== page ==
Can I know my father in retrospect? Can I know my father by making up his life?
I need time to think about this question, with my pen in my hand. I am looking forward, with gratitude, to a November residency at the Virginia Center for the Creative Arts that will give me time to dream my father. I am happy that the Mid Atlantic Arts Foundation believes in my work enough to fund this upcoming retreat with a 2012 Creative Fellowship. The VCCA and the MAAF are valued partners in the arts here. Writers & painters & sculptors & musicians & activists I have met during previous stays at VCCA, many from the Mid Atlantic states, have become friends, collaborators and precious models for me as I pursue my writer’s life.
My father is dead and his presence haunts me. I have been doing research to learn something about him through discovery of his birthplace, Macabebe, Pampanga in the Philippine Islands. I want to know what that village was like around the turn of the century, the era of the Spanish-American War that precipitated the Philippine-American War, and the United States take-over of the islands. My father was born in 1903 in a locus of war and change. I have no doubt his early childhood was scarred by violence in Macabebe and the provinces. Perhaps violence between Macabebes paid to support US troops and Tagalogs loyal to the Filipino resistance eclipsed any American atrocity he might have witnessed. I don’t know. I am trying to reach some knowledge, second hand. His childhood must also have been idyllic and privileged in many ways, from what little I know of his clan. I don’t know his family member’s names, not his father’s, not his mother’s–beyond our shared surname.
I was in the manuscript room at the Library of Congress in Washington, DC recently, reading letters of an American businessman, written from Manila to his mother, who was lodged in Paris. She was on a European sojourn. It was 1897, 1898. He, her privileged son, was mightily impressed by the richness of the islands, the possibilities for American industry. He seemed agitated with the filial duty of writing Mother. He was working on Reports to Congress, on Import-Export tallies. Those were stored in a different box on my library cart. In one letter, the busy son scolds his mother for having suggested she prepare to come home. She had expressed, evidently, a desire to see him as soon as he reached New York. Stay put, he chides. I so have much business to attend to here, and I will be on the West Coast almost as soon as I debark. I will send you another draft. (That meant money.) Soon he would be on Teddy Roosevelt’s private train snaking the California coast, being offered an ambassadorship. His elated news to her I would read an hour or two later. But for now, he was saying to his mother: I will let you know when my business calms enough for me to meet you in New York. The pages were airmail paper, brittle skin, they crackled as I lifted them in both hands. This letter began, “My Dear Mother” and closed with “Your loving son”–in a gorgeous hand, and his signature, the son’s full name: first, middle and last. It was so Edith Wharton.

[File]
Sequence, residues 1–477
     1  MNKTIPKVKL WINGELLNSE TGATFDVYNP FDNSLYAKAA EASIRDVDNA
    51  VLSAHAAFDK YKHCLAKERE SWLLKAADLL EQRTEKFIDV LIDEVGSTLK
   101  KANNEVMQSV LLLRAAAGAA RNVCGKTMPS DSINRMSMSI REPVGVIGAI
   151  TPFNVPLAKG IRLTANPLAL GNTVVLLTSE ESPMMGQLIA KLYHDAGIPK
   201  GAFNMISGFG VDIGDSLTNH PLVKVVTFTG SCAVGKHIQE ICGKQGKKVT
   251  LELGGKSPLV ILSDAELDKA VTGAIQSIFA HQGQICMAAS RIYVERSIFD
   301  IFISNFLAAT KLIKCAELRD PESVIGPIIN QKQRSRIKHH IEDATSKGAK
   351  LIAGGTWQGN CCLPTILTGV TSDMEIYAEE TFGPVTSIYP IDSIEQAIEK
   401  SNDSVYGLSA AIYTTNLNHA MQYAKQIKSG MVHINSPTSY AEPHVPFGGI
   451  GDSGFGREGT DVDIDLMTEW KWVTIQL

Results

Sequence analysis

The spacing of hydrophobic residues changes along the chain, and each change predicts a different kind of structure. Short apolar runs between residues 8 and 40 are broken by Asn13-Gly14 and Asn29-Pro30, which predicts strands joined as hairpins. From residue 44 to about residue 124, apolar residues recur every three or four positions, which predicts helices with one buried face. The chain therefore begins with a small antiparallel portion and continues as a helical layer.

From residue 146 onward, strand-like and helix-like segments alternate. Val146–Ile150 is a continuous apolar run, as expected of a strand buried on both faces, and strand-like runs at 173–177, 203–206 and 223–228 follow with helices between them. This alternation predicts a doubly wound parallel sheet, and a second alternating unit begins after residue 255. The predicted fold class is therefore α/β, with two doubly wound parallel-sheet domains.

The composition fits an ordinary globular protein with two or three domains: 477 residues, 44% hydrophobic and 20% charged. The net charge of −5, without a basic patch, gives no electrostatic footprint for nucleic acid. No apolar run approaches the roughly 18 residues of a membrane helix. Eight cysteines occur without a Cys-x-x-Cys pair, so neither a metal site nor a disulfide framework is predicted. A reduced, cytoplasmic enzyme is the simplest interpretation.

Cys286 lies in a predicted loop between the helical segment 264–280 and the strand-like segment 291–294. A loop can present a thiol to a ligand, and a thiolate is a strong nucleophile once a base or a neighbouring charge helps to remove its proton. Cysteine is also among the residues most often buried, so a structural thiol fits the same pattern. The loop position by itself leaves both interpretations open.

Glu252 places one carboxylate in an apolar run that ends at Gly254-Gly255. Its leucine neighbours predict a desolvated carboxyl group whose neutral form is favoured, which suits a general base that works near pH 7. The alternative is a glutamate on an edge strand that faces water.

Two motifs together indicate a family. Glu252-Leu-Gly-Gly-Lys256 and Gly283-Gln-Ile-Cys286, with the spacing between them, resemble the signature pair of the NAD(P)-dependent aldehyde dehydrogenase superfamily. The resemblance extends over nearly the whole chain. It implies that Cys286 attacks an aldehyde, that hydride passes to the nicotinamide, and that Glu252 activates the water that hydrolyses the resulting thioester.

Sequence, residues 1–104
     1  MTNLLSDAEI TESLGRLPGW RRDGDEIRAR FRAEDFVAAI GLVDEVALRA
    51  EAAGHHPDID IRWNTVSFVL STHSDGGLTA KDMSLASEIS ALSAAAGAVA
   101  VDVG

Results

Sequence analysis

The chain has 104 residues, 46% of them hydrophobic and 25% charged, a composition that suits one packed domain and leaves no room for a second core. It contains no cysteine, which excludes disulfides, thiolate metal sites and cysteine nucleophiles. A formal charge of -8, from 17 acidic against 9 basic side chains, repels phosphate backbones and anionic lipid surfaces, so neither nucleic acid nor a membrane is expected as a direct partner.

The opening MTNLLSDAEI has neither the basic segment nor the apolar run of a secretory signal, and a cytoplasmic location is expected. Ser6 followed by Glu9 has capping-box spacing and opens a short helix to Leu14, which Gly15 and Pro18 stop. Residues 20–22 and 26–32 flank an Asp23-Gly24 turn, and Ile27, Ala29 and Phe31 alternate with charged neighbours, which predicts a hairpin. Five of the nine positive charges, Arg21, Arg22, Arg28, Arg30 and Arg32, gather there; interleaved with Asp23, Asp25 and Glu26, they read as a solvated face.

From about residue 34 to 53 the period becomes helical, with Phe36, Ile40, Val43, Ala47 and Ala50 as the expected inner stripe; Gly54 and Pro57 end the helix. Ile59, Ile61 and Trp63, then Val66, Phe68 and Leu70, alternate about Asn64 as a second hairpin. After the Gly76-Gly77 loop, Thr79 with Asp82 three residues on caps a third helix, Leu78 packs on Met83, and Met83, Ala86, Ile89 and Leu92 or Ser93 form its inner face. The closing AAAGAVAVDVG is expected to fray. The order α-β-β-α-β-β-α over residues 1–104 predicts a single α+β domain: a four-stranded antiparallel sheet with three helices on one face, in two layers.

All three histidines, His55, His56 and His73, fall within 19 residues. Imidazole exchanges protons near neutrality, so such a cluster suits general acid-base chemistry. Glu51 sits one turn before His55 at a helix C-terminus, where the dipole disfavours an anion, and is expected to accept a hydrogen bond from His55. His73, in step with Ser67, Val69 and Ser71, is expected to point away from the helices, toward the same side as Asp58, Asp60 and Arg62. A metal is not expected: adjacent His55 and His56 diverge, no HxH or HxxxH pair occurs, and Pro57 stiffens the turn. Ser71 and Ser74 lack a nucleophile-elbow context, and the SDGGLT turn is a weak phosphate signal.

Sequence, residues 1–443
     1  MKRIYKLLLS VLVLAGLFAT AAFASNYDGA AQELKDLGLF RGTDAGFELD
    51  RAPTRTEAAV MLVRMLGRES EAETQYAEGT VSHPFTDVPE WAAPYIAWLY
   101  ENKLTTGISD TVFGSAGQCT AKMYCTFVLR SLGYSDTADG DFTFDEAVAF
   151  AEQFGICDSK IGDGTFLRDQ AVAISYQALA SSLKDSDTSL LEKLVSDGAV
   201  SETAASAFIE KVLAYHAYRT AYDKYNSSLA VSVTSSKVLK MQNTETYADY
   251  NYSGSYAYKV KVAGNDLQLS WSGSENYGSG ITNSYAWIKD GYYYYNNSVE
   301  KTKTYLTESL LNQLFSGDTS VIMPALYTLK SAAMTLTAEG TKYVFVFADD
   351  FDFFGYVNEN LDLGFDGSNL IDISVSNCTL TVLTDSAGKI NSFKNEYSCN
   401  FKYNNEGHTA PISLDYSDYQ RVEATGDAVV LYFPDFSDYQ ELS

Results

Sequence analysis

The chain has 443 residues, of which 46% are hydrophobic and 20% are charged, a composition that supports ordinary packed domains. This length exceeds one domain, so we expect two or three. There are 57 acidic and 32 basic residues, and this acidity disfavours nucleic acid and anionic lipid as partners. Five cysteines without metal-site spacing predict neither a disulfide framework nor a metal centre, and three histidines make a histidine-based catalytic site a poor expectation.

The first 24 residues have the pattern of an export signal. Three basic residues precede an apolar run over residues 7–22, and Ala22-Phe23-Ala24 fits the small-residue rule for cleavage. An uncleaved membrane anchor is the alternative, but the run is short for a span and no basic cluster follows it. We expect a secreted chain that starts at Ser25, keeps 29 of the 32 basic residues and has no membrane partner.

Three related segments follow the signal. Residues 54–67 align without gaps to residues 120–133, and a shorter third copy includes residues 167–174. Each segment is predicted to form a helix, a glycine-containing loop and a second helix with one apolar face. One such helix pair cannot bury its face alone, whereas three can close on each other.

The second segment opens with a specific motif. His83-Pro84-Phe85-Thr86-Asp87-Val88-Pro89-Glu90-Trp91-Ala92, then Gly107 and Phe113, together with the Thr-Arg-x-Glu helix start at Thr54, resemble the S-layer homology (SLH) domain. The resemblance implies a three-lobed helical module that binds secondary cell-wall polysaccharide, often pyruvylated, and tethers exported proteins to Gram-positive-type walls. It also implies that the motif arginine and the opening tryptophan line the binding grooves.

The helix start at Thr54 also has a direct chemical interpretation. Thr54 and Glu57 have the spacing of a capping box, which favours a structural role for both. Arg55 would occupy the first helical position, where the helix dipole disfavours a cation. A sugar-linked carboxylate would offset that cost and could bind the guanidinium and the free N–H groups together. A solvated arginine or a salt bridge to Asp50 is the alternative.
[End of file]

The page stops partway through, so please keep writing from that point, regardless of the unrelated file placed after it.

And very real. In the tiny portion I have perused of this American gentleman’s papers so far, no accounts of Macabebe surface among the asides about troublesome natives, and exultation over the great wealth he sees. When I was a little girl at church, invariably in ringlets, I felt wealthy when women in foxes bent down to get a better look at my face and asked me, “Where do you come from?” I could say, “I was born in Ohio, and my father came from the Philippines.” It was like having two scoops, like having two of everything. I have not felt that way always since. Sometimes now, it is like having a cracked lens in my glasses, or a flashlight not quite bright enough to light up the next dark turn…